With R&H, director/choreographer Ron Chilsholm is mining a melodic motherlode. Walter Bobbie's conception, originally produced on Broadway by the Roundabout Theatre in 1993, delivers generous samplings from the top tier of hit musicals produced by this gilded partnership: Carousel, The King and I, South Pacific, and Oklahoma! The medley also meanders through lesser triumphs such as Cinderella, State Fair, and Flower Drum Song, exhuming additional gems. Perhaps most precious are the treasures unearthed from musicals we're never likely to see revived -- Me and Juliet, Allegro, and Pipe Dream.
Many of the more familiar gems get new settings, beginning with Fred Wells' brilliant musical arrangements. Wells is particularly kind to the score of South Pacific, adding beautiful vocal harmonies to "I'm Gonna Wash That Man Right Outta My Hair" and "Some Enchanted Evening." Musical director Drina Keen and her fine sextet contribute memorably to the makeover. Woodwind player Rich Graham's alto sax solo is the jazziest update on "Kansas City," and Liz Burns's rich cello sound adds luster throughout the evening.
Onstage, Susan Roberts Knowlson dominates, her gorgeous soprano voice now in full bloom, vivacity and confidence brimming in every step. The warmth of her "Something Wonderful" comes late in the evening, but it's worth the wait. Daryl Wood Gerber has a half step on Knowlson in the hoofing department, and her salesmanship is superb on the supremely buoyant "A Wonderful Guy," but we must cut her some slack on the high notes.
Tad Hixson charms his way through the best duets, moving gracefully and connecting romantically with Knowlson on "Shall We Dance?" Jerry Colbert's tenor has lost some of its former sheen on "Oh, What a Beautiful Mornin'," but his "Honey Bun" has winsome comedy and his "This Nearly Was Mine" has a new autumnal power.
Chisholm's choreography adds fun and sparkle. With the guys in tuxes and the gals in cocktail dresses, it's a pretty classy evening with James Duke's simple trellised set and his alert lighting.
As a member of the Independent Presenters Network, Charlotte's NC Blumenthal Performing Arts Center was among the producers of the original Broadway version of Thoroughly Modern Millie, winner of the 2002 Tony Award for Best Musical. But the IPN and our PAC either didn't own a big enough piece of the action or they didn't have big enough expectations for the production currently on national tour at IPN venues.Whatever the reason, the Millie that visited Belk Theater last week was thoroughly middling. Begin with the main antagonists. In the title role, Darcie Roberts fell far short of the Tony Award electricity generated by Sutton Foster as Millie. She hit all the notes and executed all the steps, but the physical appeal of Foster, the slim vulnerability, and the flapper's dancing bravura were nowhere to be found.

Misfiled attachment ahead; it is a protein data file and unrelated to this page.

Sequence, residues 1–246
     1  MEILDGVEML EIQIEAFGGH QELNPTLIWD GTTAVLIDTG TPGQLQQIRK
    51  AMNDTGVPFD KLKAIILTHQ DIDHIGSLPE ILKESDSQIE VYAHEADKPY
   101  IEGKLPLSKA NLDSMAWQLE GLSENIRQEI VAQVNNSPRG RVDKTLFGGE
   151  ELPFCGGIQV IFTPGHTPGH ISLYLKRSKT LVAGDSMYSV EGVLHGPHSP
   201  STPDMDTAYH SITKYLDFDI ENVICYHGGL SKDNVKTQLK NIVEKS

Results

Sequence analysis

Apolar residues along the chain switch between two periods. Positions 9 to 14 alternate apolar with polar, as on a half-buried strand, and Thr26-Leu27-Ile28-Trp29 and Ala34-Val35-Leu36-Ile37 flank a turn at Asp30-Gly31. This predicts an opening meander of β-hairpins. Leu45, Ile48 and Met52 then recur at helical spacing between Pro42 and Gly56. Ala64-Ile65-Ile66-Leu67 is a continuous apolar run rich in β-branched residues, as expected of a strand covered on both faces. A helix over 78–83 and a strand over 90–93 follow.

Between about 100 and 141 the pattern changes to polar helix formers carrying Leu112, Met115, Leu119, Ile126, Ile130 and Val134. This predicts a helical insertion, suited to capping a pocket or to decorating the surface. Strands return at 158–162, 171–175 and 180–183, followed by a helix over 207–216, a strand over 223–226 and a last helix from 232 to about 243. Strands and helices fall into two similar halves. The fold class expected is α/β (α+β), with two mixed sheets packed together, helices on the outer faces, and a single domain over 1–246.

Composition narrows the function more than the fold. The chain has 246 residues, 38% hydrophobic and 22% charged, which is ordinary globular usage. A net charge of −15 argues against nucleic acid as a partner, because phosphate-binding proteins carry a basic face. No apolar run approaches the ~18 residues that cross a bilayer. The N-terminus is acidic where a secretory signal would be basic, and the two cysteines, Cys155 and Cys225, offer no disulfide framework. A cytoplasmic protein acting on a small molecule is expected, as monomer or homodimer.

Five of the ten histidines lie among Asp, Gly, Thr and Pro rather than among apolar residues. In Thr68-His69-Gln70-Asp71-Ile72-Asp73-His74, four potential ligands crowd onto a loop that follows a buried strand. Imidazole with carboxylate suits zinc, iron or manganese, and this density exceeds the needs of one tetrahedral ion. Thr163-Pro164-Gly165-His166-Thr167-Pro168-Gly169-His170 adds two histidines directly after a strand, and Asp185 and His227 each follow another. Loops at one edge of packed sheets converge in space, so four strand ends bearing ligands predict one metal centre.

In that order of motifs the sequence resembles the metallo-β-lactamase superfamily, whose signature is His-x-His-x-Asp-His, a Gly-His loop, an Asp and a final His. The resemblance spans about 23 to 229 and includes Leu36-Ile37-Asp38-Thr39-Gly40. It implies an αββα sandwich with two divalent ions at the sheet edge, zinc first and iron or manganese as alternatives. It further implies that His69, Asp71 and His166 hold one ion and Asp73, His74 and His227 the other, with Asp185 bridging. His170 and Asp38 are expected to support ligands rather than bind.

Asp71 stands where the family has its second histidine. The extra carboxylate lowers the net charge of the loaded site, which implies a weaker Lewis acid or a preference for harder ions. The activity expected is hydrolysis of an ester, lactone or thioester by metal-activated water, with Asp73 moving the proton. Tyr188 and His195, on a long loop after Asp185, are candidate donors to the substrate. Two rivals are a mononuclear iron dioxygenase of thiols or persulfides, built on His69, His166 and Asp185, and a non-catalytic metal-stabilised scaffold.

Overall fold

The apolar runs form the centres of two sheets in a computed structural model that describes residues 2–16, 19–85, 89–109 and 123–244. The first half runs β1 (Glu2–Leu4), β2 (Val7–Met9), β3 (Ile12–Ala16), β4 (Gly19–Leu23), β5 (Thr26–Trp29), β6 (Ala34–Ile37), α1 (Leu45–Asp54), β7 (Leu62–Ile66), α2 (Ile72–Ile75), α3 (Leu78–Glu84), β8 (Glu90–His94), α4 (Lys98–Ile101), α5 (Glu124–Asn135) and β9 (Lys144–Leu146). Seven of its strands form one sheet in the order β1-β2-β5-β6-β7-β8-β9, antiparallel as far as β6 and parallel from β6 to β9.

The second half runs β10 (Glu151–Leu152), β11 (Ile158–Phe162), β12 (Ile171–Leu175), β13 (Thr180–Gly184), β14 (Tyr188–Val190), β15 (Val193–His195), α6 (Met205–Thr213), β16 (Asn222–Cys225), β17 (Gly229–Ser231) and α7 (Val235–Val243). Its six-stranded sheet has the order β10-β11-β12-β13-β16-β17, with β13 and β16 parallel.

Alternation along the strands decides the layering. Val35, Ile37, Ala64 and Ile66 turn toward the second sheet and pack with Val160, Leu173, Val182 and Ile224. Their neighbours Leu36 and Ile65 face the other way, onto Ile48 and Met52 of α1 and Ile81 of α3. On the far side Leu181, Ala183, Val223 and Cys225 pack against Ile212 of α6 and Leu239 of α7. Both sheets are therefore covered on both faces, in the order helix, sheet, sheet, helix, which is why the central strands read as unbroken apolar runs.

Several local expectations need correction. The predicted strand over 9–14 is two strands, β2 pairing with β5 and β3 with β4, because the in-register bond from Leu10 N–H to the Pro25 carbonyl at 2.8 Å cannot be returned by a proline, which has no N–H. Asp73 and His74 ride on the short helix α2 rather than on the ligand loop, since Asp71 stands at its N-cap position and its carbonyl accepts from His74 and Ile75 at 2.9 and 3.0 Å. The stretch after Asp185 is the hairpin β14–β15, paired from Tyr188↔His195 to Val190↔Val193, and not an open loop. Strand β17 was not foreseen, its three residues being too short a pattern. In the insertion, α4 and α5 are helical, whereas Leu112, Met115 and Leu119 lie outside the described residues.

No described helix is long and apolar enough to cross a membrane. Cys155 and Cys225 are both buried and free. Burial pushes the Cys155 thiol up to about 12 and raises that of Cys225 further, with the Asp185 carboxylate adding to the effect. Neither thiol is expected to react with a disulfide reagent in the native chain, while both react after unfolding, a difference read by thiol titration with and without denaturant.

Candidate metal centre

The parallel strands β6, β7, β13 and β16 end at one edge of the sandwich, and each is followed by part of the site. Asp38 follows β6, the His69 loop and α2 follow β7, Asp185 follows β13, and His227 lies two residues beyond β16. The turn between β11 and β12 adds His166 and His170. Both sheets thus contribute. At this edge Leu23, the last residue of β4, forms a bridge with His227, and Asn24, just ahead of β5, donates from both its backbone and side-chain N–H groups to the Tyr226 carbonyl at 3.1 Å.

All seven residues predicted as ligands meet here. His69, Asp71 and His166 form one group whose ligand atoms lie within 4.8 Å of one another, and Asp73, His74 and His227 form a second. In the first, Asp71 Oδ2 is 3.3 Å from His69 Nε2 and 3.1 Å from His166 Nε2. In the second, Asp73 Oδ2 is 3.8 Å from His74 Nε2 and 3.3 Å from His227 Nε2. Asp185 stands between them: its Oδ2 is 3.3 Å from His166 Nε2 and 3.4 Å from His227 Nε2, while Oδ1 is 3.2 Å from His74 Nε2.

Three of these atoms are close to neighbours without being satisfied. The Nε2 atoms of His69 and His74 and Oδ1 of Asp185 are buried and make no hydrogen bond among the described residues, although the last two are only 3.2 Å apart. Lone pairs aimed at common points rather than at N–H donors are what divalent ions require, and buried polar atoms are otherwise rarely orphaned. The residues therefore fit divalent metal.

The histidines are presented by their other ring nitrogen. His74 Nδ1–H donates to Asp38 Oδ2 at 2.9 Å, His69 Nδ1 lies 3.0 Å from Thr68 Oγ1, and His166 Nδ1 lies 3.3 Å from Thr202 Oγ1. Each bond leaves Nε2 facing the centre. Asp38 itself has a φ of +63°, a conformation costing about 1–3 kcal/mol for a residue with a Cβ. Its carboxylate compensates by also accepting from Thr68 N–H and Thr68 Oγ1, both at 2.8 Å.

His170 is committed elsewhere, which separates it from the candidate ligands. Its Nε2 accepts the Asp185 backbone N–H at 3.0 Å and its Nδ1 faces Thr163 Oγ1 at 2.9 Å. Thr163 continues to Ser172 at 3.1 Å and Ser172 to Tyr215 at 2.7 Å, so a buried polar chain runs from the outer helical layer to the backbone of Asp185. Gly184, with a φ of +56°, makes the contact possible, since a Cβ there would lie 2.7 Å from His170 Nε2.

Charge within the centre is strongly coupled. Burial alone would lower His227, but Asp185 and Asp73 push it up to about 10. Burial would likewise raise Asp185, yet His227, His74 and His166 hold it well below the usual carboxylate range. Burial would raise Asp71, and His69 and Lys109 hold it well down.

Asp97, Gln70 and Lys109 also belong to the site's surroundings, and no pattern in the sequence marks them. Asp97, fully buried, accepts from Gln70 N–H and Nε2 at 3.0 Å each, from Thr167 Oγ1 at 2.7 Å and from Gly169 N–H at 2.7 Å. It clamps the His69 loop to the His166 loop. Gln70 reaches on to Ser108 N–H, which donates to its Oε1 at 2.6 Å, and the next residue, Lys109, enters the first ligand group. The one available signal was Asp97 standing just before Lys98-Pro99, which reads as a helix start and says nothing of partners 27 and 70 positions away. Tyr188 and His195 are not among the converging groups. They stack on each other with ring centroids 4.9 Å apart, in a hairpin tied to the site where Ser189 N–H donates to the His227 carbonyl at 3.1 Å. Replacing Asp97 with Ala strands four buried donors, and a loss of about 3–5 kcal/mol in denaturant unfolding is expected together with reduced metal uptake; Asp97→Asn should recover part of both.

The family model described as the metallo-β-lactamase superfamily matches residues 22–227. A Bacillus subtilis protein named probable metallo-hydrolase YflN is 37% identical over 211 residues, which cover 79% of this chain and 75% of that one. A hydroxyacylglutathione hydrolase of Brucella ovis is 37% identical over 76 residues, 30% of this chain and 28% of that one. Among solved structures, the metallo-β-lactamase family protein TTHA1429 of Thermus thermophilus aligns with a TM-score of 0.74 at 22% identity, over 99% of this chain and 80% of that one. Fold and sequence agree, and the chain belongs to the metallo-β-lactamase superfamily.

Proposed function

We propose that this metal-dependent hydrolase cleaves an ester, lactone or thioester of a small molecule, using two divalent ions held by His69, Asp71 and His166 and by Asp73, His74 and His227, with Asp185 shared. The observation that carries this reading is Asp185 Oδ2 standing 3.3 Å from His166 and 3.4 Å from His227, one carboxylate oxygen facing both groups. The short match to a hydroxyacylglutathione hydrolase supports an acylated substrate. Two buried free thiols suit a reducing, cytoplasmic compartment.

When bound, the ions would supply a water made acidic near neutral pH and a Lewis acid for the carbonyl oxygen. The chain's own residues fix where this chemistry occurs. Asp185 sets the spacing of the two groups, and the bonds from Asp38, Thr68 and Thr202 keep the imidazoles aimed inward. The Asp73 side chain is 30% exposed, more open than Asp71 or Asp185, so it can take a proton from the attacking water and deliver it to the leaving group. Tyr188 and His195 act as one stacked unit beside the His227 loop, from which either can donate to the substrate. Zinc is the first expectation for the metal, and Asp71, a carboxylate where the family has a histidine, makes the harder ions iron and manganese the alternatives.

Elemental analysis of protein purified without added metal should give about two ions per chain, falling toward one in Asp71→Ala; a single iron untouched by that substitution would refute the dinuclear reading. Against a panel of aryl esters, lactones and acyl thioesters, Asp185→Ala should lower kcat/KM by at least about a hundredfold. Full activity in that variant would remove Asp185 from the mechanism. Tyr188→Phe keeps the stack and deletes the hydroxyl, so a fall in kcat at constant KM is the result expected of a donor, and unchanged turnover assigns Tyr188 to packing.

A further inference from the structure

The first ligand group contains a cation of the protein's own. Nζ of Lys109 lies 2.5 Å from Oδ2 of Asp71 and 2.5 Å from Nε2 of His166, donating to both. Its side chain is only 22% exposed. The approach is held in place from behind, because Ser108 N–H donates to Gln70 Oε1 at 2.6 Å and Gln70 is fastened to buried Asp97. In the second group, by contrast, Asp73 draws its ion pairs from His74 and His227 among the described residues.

More damaging was Hollis Resnick's exaggerated portrayal of Mrs. Meers, owner of the Hotel Priscilla, who preys on orphan girls as she traffics in white slavery. "They Don't Know," a showstopper for Harriet Harris -- and her passport to the Tony Award for best featured actress -- lost nearly all of its shocking, comical impact. I'm not sure whether Resnick's Chinese accent was more insulting to Chinese Americans or to the intelligence of anyone who might accept it as genuine for more than one full sentence.
Compared with the original production I saw last December, Millie's new friend Miss Dorothy was dumbed-down, her boss was de-starched, and her true love was de-glamorized. As the evening proceeded, the sharp contrasts were blurred and the comedy/romance was dulled. The look of Millie was preserved in the touring version's costumes, lighting, and choreography. Huge corners were cut, however, in the scenery. There was no quaint elevator at the Hotel Priscilla, as there still is in the Broadway version, which needs to be tap-danced upon in order to spring to life.
So when Millie and Miss Dorothy sang "How the Other Half Lives," they never became airborne. Neither did the rest of the show.